berndf

    Moderator
    German (Germany)
    The Roman province of Britannia did include most of present-day Wales.
    Please re-read my original post, especially this part:
    the highly Romanized parts of Roman Britain, the region called Lloegyr
    There was a relatively hard regional split, which is also corroborated by archaeological evidence. If you draw a line from the mouth of the river Severn to the Humber (see the map in the linked article), areas South-East of this line were highly Romanized with Roman Cologniae (cities) and Villae (manors, parishes). Areas North-West of this line showed very little sign of Romanization. People there basically lived as before and the Romans just kept military outposts (with their surrounding civilian settlements), like cavalry forts in Indian territories in Western movies.
    May I ask why you prefer the spelling "Welch"?
    Simple typo. Corrected.
     
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    berndf

    Moderator
    German (Germany)
    The question of this thread is not if individual Latin words had entered Brythonic (of course they have) but if there were areas in Roman Britain where Vulgar Latin had completely replaced the Brythonic vernacular.
     
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    jimquk

    Member
    British English
    As far as I understand, Brittany in France was settled by refugees from Britain, presumably from the Lloegyr area. The language they brought with them was Celtic rather than any variant of Latin. Does anyone know if Breton shows traces of Roman-era Latin influence? It seems remarkable that the Bretons were so little Romanised that even when settling in a by then wholly Latinate speaking country, they kept their own language.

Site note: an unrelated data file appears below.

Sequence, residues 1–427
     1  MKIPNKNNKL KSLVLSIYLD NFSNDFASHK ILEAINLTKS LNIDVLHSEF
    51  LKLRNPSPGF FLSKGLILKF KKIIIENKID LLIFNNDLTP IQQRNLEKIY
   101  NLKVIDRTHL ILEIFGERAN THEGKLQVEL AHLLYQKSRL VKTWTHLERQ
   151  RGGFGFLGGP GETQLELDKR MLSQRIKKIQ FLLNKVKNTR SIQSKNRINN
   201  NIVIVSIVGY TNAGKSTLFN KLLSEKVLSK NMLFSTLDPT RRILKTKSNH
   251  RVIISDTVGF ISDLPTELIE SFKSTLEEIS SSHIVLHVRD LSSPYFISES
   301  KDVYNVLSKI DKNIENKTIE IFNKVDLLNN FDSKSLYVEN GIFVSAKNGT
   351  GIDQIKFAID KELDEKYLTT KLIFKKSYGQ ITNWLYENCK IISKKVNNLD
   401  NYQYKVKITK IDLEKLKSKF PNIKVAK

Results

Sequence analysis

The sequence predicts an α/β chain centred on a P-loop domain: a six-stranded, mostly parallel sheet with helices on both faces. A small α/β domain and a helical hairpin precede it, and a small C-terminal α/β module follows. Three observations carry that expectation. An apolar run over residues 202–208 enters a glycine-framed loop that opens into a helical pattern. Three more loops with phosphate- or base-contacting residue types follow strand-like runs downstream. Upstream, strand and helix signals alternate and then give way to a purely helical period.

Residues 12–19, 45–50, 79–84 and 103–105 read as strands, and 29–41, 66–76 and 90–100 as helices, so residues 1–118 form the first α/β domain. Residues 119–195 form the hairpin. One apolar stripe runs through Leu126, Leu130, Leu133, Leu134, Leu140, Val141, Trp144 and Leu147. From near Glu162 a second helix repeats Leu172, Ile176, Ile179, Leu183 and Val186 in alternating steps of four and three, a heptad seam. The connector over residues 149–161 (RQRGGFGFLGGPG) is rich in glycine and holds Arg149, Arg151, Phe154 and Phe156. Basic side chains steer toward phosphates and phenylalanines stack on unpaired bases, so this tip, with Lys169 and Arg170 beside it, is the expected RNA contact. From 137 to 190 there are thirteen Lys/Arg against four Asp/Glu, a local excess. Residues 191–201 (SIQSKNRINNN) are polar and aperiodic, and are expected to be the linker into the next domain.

berndf

    Moderator
    German (Germany)
    The insular Celtic language closest to Breton is Cornish. The language was spoken in Cornwall as a first language until the 18. century. The West Country was not part of the heavily Romanized part of Roman Britain. But of course, the Celtic speaking population of Cornwall might have been the decendents of Brythonic people from further east who have fled the Anglo-Saxon invasion. Those things are difficult to reconstruct.
     

    Penyafort

    Senior Member
    Catalan (Catalonia), Spanish (Spain)
    Devils, nuns, schools in Chester, castles in Kent...


    PD: As I've been told that the comment is not understood, I was just mentioning in a simple sentence words that seem to have been developed straight from Latin into Old English (that is, not via any Oil languages). Had they been many, Old English could have been regarded as a local Romance.
     
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    Penyafort

    Senior Member
    Catalan (Catalonia), Spanish (Spain)